Getting paid on time and getting it right – easier said than done…
Firstly the vast majority of self employed individuals and businesses often face a delay in getting paid. From a financial perspective cash is king in the short, medium and long term. Therefore weak credit control will lead to a lack of sustainability.
Delays in getting paid affects most people in business. Likewise it is not prioritised as much as it should be. If you don't get paid on time, you may have to resort to borrowing money to keep afloat. Whether you can continue to maintain this is a separate issue. You need to get yours right.
Most importantly, there are two stages you must use when it comes to managing credit control. If you decide to allow of credit facilities then you need to manage this robustly. In other words remember that allowing credit always carries an element of risk i.e. not receiving your cash. Credit control is about managing that risk.
You need to assess customers to see if they are credit worthy. Likewise do not forget the size and status of the client does not determine their credit worthiness. Remember large companies are just as likely to default on paying as small ones.
- Check trade and bank references
- Look up Companies House information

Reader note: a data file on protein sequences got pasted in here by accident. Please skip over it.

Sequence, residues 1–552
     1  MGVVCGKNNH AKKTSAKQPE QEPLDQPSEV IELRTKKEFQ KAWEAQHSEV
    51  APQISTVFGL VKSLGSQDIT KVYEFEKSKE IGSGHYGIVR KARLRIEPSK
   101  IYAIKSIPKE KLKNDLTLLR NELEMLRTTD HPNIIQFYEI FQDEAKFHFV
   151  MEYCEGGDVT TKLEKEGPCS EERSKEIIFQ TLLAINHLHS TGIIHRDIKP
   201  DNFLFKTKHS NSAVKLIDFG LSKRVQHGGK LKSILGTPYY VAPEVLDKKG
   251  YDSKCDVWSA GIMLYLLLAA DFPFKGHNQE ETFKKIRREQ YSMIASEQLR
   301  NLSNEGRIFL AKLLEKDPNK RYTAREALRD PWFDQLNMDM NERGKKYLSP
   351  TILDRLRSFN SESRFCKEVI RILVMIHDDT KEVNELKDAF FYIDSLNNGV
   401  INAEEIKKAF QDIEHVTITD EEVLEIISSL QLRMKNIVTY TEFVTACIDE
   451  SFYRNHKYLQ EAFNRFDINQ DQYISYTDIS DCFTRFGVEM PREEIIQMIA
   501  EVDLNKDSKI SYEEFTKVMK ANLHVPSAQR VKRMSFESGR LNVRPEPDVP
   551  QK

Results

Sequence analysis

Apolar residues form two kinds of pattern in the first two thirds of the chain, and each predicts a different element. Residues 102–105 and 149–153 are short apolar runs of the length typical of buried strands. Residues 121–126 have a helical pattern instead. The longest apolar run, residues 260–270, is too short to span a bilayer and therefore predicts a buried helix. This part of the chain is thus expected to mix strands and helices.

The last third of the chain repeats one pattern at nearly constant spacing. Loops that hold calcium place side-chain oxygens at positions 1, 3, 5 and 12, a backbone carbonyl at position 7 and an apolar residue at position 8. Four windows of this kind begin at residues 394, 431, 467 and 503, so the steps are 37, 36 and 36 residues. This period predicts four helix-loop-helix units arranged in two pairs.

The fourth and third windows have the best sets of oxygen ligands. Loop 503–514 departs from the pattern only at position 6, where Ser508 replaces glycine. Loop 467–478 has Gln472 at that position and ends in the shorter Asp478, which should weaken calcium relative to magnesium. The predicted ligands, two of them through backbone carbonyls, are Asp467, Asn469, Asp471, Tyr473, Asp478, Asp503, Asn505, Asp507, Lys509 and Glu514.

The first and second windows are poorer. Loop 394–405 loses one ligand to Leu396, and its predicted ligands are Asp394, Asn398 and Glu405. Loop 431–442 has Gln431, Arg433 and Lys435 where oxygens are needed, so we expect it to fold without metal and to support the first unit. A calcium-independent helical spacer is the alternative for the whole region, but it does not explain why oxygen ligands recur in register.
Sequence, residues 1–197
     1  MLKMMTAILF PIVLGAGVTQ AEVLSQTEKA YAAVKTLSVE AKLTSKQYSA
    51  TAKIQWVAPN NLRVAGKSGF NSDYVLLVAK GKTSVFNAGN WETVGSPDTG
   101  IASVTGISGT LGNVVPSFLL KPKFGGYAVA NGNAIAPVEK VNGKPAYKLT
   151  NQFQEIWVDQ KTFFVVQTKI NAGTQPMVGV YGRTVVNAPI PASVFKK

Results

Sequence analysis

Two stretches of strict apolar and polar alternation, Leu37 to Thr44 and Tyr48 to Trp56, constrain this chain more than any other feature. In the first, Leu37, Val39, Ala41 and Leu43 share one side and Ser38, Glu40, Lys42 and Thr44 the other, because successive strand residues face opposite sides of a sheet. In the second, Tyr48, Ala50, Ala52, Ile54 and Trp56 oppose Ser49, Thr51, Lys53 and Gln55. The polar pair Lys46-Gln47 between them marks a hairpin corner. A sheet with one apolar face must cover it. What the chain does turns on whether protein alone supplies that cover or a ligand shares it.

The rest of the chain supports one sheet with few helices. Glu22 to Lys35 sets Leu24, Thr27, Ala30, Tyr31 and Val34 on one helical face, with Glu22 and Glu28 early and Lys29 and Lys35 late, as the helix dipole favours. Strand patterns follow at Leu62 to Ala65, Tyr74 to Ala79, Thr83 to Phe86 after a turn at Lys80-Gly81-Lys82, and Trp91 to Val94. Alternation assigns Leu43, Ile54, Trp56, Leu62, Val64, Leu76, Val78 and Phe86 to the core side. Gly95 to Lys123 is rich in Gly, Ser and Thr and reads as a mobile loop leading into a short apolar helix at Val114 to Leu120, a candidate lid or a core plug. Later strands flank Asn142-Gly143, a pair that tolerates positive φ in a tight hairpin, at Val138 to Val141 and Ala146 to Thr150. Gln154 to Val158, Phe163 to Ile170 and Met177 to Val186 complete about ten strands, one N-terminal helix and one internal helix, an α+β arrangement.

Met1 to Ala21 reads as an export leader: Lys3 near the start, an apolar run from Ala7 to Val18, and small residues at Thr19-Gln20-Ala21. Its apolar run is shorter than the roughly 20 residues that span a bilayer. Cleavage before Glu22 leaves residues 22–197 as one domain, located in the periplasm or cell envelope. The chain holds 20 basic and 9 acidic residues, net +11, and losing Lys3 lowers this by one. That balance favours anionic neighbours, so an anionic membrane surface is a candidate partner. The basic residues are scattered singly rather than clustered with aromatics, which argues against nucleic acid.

- Check County court register
- Not forgetting first impressions and credit agencies
Similarly the internet is a useful tool in credit scoring giving you access to a large amount of relevant information and credit ratings.
In addition a written agreement should be drawn up stating the terms and conditions of payment. List things such as
- Number of days to pay
- Interest charged on late payments
- Legal title to goods not passing to the client until full payment is received etc.
- Title is important if you ever go down the legal recovery route.
If payment is not received by the due date there are a series of steps you can go through:
You may choose to send a reminder first. Following this you may call them- this is quite effective. Depending on the time you wait for settlement will decide next steps. You could start on a “friendly” note then move on to potential court action. If it gets to the court stage your client relationships will have deteriorated. Court actions can be instigated on-line and are very efficient.
Technology can also play an important part in credit control. Such as issuing invoices via e-mail, setting up time alerts (Microsoft Outlook), and the production of credit reports. Technology helps keep track of outstanding invoices and also days outstanding. Electronic delivery methods will quicken the collection processes, provide confirmation that the invoice was sent, and save money on paper and postage.
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